(mind you, they have gills too, however most of the time they use their lungs for breathing).

They live on tidal beaches, often near river estuaries and mangrove habitat.

At low tide, they emerge from their burrows and join to large 'armies' that can be as large as thousands of individuals.

As the tide starts coming in, they start burrowing holes to spend the high tide in the burrows under the water.

They also burrow themselves into the sand when threatened.

When burrowing, they spiral themselves into the sand, and they carry air bubbles with them. They also leave cavities for the air to get into the hole.

Their deepest burrows can be at a half a metre's depth, and they may spend some time entirely under the water (which is when they use gills).

   soldier crabs

What Do They Eat?

When they walk in armies, they walk to wetter sands closer to the water, to eat.

They eat
detritus by scooping in the sand, sucking out the organic material, and then spitting out the rest of the sand in round pellets.

They also eat tiny microorganisms in the sand, but mostly they are scavengers so they are good in that they clean the beach up from small dead animal and plant material.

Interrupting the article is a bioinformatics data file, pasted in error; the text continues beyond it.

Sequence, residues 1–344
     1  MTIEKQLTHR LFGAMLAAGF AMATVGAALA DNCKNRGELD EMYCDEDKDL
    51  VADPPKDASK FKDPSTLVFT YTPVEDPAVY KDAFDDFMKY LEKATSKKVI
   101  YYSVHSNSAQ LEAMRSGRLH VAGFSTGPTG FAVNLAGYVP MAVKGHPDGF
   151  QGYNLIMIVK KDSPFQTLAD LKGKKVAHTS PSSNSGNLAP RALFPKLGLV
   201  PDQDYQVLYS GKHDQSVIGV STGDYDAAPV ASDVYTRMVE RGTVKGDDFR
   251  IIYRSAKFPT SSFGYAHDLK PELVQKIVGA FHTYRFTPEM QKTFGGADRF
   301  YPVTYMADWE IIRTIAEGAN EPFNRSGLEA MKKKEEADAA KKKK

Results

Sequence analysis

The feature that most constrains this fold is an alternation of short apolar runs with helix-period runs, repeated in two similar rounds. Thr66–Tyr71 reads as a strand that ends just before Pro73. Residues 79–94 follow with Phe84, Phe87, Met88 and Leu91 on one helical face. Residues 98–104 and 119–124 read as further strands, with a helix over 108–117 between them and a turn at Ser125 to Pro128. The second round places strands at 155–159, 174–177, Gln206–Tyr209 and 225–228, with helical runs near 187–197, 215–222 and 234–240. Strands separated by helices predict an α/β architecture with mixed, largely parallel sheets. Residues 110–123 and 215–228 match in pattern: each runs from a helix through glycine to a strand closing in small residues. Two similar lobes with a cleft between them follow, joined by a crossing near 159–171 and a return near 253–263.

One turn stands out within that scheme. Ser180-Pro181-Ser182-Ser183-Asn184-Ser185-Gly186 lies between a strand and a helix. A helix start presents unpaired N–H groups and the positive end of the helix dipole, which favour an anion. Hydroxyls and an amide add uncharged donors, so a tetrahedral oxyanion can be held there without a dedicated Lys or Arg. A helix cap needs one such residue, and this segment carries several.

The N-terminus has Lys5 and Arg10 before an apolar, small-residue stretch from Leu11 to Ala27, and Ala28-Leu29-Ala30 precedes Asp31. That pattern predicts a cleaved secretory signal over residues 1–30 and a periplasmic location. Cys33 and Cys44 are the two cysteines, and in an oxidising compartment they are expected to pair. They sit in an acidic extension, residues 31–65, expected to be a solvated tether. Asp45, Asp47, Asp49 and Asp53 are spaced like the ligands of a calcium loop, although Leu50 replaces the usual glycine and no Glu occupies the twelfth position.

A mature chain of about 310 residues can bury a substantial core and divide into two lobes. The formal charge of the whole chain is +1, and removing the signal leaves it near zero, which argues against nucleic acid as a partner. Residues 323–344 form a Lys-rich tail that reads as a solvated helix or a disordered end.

soldier crab

Who Eats Them?

The fact that they spend most of their time either in burrows or on the ground (and not in the water like aquatic crabs), saves them from most aquatic predators like fish.

The main predators of soldier crabs are birds like ibis, heron, egret and some kingfishers, but also some other crabs, and fish if they do find themselves in the water.

Like with other animals that flock, their grouping habit acts as protection because it makes it harder to see an individual and so confuses predators.

Even if it makes the predator a little slower on catching it gives the crabs more time to burrow themselves.


   soldier crab predator

Soldier Crabs are found in eastern Indian Ocean and western Pacific, from Bay of Bengal in the north to Australia in the south.

They are most common in eastern Australia and mostly north Queensland, but are found as far south and west as Perth and Tasmania.